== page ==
Baldness affects both men and women, but it is widespread among men and is still quite uncommon in women.
There are several types of baldness:
This is the most common form of baldness in men and women. It is caused by a hormonal disruption, in other words excess production of the male androgen hormone, which causes hair loss.
Androgenetic alopecia affects around 70% of men and generally starts around age 40. There are also many cases where baldness starts from the age of 18-20.
In general, and particularly in men, androgenetic alopecia involves more or less severe hair loss at the temples and on top of the scalp. The crown, above the nape of the neck, is never affected by baldness: it is called the everlasting area.
Men can experience more or less severe hair loss and there are different stages defined in order of gravity by the Hamilton-Norwood scale: there are around 7 stages of alopecia.
Women never actually go bald as the hair loss is much less dramatic and more widespread across the head. Thinning hair and a visible scalp through the hair is rather more common. The four stages of baldness in women are listed in the Ludwig scale.
Seborrheic alopecia affects lots of men and women, appears in the same form (temples, top of the head, etc.) and can be more or less severe.
It is similar to androgenetic baldness but has a different cause: the hair loss is due to excess sebum production, which suffocates the hair and kills it.
Other unpleasant side effects occur with this hair loss:
- Oily scalp and hair
- Loss of hair shine
- Heavy hair
- Loss of volume
- Weakening hair
- Irritation, itching and dandruff
Cicatricial baldness affects both men and women and is completely different from “ordinary” androgenetic baldness. In fact, it appears as patches or uneven hair loss on the head. It does not follow the same pattern as ordinary baldness, which is concentrated on the temples and top of the head, and can affect any area of the scalp. It can also occur with red patches and other scalp inflammation.
The causes of cicatricial alopecia are varied, but they are all a result of external aggression or trauma:
- Viral, infectious or bacterial diseases (Syphilis, favus, planus follicularis, cancers, cutaneous lupus)
- Congenital causes (aplasia cutis congenita)
- An auto-immune response following an illness
- Metabolic deterioration (caused by a tumor or other diseases)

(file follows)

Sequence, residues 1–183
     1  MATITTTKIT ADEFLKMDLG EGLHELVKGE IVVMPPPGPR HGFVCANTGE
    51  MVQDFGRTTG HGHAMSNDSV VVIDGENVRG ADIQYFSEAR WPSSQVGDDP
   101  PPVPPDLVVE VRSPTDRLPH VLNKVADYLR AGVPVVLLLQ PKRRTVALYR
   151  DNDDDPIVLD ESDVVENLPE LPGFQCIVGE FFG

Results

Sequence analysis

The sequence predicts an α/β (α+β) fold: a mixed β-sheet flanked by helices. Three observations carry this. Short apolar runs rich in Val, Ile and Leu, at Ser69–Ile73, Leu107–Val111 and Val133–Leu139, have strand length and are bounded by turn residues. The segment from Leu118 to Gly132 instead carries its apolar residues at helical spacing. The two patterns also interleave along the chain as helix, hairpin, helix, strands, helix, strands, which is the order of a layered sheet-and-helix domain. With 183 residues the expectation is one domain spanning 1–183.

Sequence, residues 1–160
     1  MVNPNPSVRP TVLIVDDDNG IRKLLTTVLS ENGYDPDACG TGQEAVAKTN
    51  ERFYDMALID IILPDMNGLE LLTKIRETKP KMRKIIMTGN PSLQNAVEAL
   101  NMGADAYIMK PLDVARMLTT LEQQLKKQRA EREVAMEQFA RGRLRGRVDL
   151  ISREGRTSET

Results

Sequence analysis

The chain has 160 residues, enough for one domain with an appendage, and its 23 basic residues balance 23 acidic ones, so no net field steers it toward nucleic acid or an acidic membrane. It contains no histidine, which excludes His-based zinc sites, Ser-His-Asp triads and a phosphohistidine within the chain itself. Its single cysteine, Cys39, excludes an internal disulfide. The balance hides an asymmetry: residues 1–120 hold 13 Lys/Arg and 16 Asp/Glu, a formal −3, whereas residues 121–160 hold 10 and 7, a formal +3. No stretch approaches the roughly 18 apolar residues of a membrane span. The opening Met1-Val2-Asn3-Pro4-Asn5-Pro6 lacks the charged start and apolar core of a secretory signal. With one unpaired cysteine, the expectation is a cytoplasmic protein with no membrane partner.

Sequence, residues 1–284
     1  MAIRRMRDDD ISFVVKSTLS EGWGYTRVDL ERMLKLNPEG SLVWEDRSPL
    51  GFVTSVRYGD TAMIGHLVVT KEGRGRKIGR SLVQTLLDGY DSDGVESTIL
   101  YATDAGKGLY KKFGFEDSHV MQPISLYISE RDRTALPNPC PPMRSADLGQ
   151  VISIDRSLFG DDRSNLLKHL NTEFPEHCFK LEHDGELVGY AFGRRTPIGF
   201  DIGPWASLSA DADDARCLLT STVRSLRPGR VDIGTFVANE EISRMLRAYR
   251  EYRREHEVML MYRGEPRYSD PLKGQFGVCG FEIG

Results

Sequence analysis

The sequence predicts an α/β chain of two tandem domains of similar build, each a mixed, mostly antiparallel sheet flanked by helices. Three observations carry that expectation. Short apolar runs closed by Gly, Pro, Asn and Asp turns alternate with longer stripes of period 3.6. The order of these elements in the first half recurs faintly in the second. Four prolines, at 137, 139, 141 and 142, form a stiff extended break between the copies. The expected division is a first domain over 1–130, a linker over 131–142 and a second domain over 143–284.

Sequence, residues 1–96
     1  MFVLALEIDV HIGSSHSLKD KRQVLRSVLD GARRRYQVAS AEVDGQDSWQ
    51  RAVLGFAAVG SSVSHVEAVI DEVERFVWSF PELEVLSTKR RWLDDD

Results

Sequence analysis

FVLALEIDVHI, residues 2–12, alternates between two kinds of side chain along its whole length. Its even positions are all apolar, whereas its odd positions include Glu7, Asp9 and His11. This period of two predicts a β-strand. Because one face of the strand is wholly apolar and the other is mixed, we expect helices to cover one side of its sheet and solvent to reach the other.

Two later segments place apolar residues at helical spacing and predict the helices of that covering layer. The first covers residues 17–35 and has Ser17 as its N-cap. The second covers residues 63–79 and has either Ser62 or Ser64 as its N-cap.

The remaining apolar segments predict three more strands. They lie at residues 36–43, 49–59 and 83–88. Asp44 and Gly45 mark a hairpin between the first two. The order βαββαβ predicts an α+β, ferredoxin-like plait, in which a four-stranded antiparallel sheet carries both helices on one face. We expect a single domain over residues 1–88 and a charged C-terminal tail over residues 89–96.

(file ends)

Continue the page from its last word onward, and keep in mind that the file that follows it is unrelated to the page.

- External aggression (serious burn, radiodermatitis)
Cicatricial alopecia destroys the hair bulb and makes the scalp look smooth and shiny.
Other causes of baldness
The causes of baldness vary greatly. Here is a list of other, more or less frequent, causes of hair loss.
Change in seasons:
Just like trees, we all tend to lose more hair than usual when autumn arrives and into winter. This hair loss can be quite significant in some people, and the scalp may even become visible.
Stress is a common cause of hair loss, especially in women. Whether due to psychological shock or everyday pressure (at work, for example), stress stimulates the production of androgen hormones, which cause hair loss.
Similarly to aandrogenetic alopecia, some cases of baldness are caused by hormonal disruptions. There are several hormonal disorders that can cause it:
– Menopause (decrease in estrogen)
– Hypothyroidism or hyperthyroidism
– Pituitary disorder
– Polycystic ovary syndrome (production of androgens)
Trichotillomania is a mental disorder when someone instinctively pulls their hair out, to eat or fiddle with it in order to calm their nerves. This disorder is considered to be an obsessive compulsive disorder (OCD).
Long-term dieting or eating disorders such as anorexia cause nutritional deficiencies. These deficiencies prevent the hair system from functioning properly, as it needs vitamins and minerals to produce the cells that are responsible for good-quality hair and its growth. An over-rich diet can also have the same effect.
Poor hair care:
Poor hair care can kill the hair. Hairdryers, straighteners, perms, dye, harsh shampoos, too tight buns, and cornrows can cause alopecia.
There are some medical treatments that slow down hair loss but do not prevent it, such as Minoxidil or Propecia. Despite giving good results, Propecia also causes annoying side effects such as erectile dysfunction.
Currently, the only real solution to combat baldness is hair micrografts. There are several micrograft methods, and the most effective in terms of its cosmetic appearance is the FUE micrograft technique, which involves removing each graft and transplanting them into the hair loss area.
The results are natural and aesthetically pleasing without leaving any scars. The finished result is particularly effective on mild to moderate baldness, or on female alopecia.